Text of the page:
For some reasons I am something of an intermittent devotee of sophist-pop. It tends to hit me in phases and is usually either triggered by listening to something by Steve Wynn or Prefab Sprout or is reignited by an appreciation for a recent release, in this case the recent Candy Opera, 45 Revolutions Per Minutes album.
Now my sophisti-receptors were searching out all things from TLNM as to be perfectly frank I had not heard of them before. I soon found that they are a multi-piece ensemble from Norway who have been successful in their own country and even relatively successful in Europe since 1992. As such I got hold of this, their latest album for an eager listen.
I was anything but disappointed. Initially the album tends to separate itself into two distinct modes of sheer beauty. The initial offering is one that can best be surmised as harmonically lush as the various female vocals in tracks such as Epoxy, Warm Circuitry and the brilliant Rain Checks (see below), stops just the right side of 1970’s Abba inflections but positively revel in the frivolous sense of whimsy that dares to approach ‘that’ line. It is a throwbacks to all things delightfully twee about the 1970’s pop harmonies, whilst never ever stepping foot out of the superb guitars subtleties that define the sophist-pop genre.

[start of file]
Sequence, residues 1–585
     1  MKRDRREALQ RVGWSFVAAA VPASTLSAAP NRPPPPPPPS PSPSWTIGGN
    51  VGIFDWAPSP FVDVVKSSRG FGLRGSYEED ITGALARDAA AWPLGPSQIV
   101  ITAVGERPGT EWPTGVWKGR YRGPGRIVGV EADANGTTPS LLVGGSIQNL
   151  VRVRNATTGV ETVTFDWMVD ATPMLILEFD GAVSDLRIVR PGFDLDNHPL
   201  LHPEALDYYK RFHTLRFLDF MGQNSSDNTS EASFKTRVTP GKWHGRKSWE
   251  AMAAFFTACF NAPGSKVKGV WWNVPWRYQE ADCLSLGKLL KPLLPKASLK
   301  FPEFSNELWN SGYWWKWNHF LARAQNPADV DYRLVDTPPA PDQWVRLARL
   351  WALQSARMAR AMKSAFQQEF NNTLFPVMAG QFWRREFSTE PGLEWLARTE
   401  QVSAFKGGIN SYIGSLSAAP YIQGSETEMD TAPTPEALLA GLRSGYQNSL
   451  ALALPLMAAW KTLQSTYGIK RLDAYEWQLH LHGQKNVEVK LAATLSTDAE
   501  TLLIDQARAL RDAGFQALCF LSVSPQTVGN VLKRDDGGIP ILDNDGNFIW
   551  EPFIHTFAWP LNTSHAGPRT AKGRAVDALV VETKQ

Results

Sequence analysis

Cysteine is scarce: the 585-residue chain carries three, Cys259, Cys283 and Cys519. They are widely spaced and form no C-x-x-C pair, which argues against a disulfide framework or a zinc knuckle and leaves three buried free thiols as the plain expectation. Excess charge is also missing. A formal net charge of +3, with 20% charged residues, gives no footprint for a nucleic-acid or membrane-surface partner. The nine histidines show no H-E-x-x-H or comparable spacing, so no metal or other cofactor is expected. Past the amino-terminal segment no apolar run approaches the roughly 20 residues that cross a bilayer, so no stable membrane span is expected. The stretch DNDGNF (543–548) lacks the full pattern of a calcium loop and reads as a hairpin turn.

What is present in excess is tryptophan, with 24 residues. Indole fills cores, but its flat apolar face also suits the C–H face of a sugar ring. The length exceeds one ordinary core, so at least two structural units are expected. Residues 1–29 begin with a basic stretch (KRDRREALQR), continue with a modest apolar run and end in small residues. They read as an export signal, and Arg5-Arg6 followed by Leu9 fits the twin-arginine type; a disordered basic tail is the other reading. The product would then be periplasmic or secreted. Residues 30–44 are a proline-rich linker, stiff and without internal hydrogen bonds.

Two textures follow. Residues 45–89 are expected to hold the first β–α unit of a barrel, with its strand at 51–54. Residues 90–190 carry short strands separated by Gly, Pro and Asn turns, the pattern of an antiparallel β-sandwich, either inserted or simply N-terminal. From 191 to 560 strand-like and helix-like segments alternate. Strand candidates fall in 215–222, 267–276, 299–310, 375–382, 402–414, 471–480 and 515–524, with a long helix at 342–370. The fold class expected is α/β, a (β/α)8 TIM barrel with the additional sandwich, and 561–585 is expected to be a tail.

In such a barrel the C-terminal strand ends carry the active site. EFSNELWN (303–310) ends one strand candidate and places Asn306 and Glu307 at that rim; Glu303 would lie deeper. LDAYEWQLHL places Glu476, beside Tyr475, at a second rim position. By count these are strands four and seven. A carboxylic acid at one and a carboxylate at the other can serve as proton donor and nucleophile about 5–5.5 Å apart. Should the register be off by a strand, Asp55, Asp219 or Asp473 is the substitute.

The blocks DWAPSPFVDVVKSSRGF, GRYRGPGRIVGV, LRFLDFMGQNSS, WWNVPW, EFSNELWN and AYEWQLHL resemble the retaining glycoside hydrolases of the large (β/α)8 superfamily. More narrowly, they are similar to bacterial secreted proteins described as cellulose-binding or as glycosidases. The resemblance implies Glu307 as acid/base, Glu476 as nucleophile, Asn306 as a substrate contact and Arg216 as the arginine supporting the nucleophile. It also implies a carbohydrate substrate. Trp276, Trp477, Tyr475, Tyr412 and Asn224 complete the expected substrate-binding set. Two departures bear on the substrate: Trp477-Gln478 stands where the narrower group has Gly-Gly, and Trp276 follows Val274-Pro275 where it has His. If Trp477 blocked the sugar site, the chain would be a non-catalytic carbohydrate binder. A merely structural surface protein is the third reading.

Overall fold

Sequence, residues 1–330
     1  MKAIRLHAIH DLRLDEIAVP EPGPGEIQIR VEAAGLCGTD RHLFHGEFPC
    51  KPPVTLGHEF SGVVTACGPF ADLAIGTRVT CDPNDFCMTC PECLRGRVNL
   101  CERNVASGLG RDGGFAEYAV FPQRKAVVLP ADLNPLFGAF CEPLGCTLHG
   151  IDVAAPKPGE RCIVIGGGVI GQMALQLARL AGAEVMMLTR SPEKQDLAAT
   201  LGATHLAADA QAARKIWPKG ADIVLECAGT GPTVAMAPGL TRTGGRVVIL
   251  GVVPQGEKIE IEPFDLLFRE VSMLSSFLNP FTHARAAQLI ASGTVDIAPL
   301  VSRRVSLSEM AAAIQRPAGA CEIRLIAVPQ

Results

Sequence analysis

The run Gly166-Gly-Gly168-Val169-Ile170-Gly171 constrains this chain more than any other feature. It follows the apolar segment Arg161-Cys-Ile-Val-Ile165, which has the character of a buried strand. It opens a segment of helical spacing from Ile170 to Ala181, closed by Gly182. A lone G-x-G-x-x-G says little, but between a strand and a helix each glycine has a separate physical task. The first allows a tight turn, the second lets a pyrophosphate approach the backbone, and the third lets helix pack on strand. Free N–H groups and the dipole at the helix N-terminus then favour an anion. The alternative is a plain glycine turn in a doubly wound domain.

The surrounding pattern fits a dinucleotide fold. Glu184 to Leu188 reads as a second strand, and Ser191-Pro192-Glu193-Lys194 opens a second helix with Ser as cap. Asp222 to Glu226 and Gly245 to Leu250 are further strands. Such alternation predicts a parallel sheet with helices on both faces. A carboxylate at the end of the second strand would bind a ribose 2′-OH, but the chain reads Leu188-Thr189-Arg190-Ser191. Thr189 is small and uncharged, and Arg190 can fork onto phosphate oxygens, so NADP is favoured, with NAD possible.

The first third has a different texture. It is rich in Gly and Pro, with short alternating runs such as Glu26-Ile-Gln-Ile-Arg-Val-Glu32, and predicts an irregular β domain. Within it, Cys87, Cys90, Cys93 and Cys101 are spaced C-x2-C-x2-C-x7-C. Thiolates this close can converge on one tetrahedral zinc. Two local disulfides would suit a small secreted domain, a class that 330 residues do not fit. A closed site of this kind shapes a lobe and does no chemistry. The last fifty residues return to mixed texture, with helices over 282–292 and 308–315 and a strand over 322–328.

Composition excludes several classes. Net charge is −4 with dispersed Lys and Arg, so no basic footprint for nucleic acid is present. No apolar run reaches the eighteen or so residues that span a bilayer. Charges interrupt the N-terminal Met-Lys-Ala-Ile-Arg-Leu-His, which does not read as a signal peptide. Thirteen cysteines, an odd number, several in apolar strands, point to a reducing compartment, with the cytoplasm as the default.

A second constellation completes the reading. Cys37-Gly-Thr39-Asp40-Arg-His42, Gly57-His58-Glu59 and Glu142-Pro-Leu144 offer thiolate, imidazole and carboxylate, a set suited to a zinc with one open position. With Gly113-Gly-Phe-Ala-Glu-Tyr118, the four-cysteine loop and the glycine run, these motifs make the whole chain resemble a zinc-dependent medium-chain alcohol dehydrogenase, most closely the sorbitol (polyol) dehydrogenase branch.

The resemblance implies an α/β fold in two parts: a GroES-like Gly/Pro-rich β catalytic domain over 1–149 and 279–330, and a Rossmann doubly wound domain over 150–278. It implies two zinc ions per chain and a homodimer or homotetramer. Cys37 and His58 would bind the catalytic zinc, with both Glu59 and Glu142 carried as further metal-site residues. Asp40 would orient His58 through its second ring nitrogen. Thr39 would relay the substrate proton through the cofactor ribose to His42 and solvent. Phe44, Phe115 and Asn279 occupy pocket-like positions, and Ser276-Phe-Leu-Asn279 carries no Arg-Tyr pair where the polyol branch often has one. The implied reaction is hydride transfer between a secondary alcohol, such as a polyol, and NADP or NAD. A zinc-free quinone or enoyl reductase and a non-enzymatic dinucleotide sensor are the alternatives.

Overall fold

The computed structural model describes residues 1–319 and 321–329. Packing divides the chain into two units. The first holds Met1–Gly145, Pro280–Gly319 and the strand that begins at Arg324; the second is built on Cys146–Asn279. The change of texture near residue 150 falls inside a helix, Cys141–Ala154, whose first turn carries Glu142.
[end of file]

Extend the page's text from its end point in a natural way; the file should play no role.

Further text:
The other distinct modality of brilliance comes from the various male dominated tracks. Tracks such as a Simple Song For A Bookstore (see below), Bamboo (Love is not Cool) and the the true stand out of the album A Different Life reminds this listener of the smooth rounded crooned vocals of a Julian Pitt (Armstrong) type vocalist who has overdosed on a years supply of 1970’s twee pills. It is a sound that is both unmistakably the signature sound of the band, but also so rooted in so much sophisti-pop perfection that you just want to reach out and lovingly stroke their guitars in thanks! It just ‘seems’ the right thing to do.
For some it may be a tad to close to the more affected, tacky and kitsch parts of 1970’s pop and even disco harmonies…but just negate the need to be seen as cool and enjoy the unaffected beautifully harmonic sophisti-pop ride for its own merits and rewards, for it is not too often that a modern band gets sophisti-pop so incredibly right.